Info on how to prepare for doctor appointments for you or your senior. by francy Dickinson
Dear Francy: Mother was complaining for two weeks on how she was having bowel problems and a soreness in her rib cage…I made the doctor appointment. We go…then she says nothing! He asks her how she is and she says; “FINE” I am so frustrated and mad that I wasted a day off work for an empty doctor appointment. HELP!
Hello! Are you sure you are not living my life? I have been there and done that so many times that I sat down and went over all the steps that would give me quality time with busy doctors. We all can get scattered and forget, or not really ‘think’ about our body and what to ask the doctor. So here is a listing to help you never again feel cheated at a doctor’s office.
George is going to his memory clinic on Friday. We have had three appointments that have had to be cancelled, due to all sorts of things, so this time…we need to really go and hit the nail on the head. I am taking time to do all of these steps this week with George. I know this will help you. It has made my time at doctor’s offices go smooth and easy.I have even had doctors “thank me” for being so informative.
10 TIPS TO HELP YOU MAKE THAT DOCTOR APPOINTMENT INFORMATIVE:
- Quiet yourself and think about you/or your senior’s body. What has changed since the last time you were at the doctor’s office? Even if the doctor you are seeing is a foot specialist…write down your whole body changes. Doctors diagnose with detailed information. They are best when they know the most. Give them a list: slightly dizzy when I get up to go to the bathroom at night – gained 10 pounds and feel like candy is my best friend – allergy headaches that really bother me – my mouth is dry all the time, lately – my nails are breaking a lot – my hair is getting thinner. Go ahead. Sit and think about this, talk it over with your senior or spouse and write it down. Do not be afraid or embarrassed to share the information…this list could save a life.
- Write a letter to the doctor about your care giving elder. Just let the doctor know. I have written my letter for my husband’s friday memory clinic appointment. I have taken time to be quiet with myself and just write down his changes with his Alzheimer’s. I have had to insist on him getting out of bed, he only feels safe there. I have forced him to walk 10 min. in the hall – twice a day. His shuffling is so bad that I am very worried over him not walking at all and I would lose the ability to care for him. I even did a short video to show him on our tablet. I am not sleeping (see I talk about me too) I find my temper is getting short over the silly things he does. Now you go ahead do your letter and let it all flow out. Let the doctor know the things your senior has told you during the last couple of months. Write it down and give it to the check-in desk and ask the doctor to read it before he comes into the appointment. The doctor will be so grateful.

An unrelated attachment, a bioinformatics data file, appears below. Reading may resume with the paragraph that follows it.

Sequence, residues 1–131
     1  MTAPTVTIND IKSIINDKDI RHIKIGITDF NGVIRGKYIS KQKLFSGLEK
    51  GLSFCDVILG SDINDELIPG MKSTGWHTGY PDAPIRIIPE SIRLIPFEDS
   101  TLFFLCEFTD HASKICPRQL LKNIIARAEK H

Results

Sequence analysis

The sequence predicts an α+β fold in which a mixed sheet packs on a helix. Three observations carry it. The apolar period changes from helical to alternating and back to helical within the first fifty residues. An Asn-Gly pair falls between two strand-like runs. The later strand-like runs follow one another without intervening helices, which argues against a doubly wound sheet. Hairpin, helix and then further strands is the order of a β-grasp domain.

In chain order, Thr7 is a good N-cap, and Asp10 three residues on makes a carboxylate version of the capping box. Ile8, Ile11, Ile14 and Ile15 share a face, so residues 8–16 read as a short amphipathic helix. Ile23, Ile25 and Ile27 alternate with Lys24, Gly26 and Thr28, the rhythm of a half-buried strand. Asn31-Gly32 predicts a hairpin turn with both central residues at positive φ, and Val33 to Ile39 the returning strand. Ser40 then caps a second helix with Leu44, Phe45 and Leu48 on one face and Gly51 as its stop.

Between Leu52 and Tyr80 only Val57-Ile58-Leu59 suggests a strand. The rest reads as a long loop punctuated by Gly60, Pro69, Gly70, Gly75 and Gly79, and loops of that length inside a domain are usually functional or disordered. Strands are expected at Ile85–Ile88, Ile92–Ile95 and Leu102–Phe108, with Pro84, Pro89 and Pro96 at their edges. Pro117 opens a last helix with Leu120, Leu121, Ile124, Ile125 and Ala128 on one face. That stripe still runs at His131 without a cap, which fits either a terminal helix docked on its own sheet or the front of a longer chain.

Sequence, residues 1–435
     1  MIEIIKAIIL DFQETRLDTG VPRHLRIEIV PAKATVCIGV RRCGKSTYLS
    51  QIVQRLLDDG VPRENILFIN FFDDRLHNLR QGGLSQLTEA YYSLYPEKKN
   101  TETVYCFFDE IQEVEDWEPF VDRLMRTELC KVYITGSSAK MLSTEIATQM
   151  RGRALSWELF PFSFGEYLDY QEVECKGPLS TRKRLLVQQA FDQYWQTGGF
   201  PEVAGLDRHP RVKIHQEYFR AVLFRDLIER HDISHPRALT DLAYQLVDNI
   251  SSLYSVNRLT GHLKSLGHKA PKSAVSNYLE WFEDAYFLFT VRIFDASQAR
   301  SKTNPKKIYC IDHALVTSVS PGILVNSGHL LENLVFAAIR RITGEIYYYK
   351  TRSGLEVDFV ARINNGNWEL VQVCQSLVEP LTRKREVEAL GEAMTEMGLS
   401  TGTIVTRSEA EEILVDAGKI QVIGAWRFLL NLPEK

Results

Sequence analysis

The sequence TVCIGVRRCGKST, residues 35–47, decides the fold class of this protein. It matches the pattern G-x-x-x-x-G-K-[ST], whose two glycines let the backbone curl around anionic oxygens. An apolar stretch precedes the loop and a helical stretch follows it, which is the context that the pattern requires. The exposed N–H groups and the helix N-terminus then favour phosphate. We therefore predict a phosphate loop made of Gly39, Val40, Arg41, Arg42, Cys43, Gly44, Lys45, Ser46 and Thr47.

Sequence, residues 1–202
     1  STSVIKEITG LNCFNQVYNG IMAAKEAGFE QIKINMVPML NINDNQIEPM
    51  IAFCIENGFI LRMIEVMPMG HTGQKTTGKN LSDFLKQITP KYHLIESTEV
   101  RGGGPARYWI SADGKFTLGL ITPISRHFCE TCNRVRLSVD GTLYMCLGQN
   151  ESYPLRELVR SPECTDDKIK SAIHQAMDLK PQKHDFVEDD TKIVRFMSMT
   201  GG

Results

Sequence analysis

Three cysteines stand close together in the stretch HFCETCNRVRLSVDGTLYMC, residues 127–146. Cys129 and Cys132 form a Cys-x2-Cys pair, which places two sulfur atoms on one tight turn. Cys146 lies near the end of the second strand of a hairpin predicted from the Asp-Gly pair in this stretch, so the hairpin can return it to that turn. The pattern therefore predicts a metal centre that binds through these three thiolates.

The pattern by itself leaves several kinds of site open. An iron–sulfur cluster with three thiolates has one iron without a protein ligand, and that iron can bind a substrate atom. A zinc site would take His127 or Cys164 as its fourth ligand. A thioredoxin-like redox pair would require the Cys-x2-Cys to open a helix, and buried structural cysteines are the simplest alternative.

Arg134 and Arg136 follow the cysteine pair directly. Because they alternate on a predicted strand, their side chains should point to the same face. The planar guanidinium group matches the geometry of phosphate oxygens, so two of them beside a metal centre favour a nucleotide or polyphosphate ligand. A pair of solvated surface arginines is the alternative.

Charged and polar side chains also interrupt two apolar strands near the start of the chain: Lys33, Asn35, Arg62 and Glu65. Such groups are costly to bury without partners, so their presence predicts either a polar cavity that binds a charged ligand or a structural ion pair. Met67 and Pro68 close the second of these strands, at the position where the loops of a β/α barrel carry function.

- Keep a list of things you hear on the radio, from friends or read online about the special medical problems you or your senior may have at this time. Maybe you heard a tip on supplements to help diabetes, or a special test on a new drug, or a place to go and join an experimental test. Write it down, so you can remember to ask the opinion of your own doctor before you proceed. Use his opinion to help you make your “own informed decision” about treatment.
- Walk in the doctor’s office with an updated list of your medications. Keep this list on the computer or ask the doctor to print if off for you. You need to know each name of the medication, the amount, the time to take it, if it is taken with or without food, and what the medication is doing in your body. If you don’t know those things take a trip to the pharmacy and talk to them. You need to take pills that make sense to you and understand the reason you take them. That way you will be taking them on time, in a a daily manner. Many medications simply stop working if you take them 2 -5 times a week. So you may “pay” for a medication and then not take them properly or not understand that one medication may assist another. This is serious stuff. If you do not take your medications…then open your mouth and tell your doctor. He is assuming that you are taking it. So each time you walk in the door, he is trying to diagnosis you and if you do not have his prescriptions in your body chemistry…he is unknowingly making a mistake.
This is important. KNOW YOUR MEDICATIONS AND TAKE THEM PROPERLY. If you forget to take them…find a way to remind yourself. There are cell phone apps that will do just that, or ask your care giver or family to call you…but take your medications!
- Be informed. I often go to the doctor with my sister because she tends to blank out when she is faced with the doctor’s answers to her questions or diagnosis. I go and take notes. But now, we all have cell phones with recording buttons. When the doctor is starting to tell you what is wrong with you or how to treat it…have your record button ready…let the doctor know you are taping and push the button. Then you can play the information back for yourself or your family to review.
- Dress for success. OK you are going to the doctor, wear something that is easy to remove and put back on. Wear shoes that are not the heaviest you own because you will be weighted-in. Take off your coat before you get weighed and take note of your weight at the doctor’s office so you can go home and adjust your own scale. Also write down your blood pressure, if it is high you can then take it a few times at home to make sure that it does not stay in a high range. Blood pressure is best taken at lunch time…relaxed and repeated so the doctor can see the time frame of the numbers. Same with weight…weigh in the morning, twice a week and write it down in a notebook. When you go to the doctor you can show him your progress up or down over a time period so he can look for glues.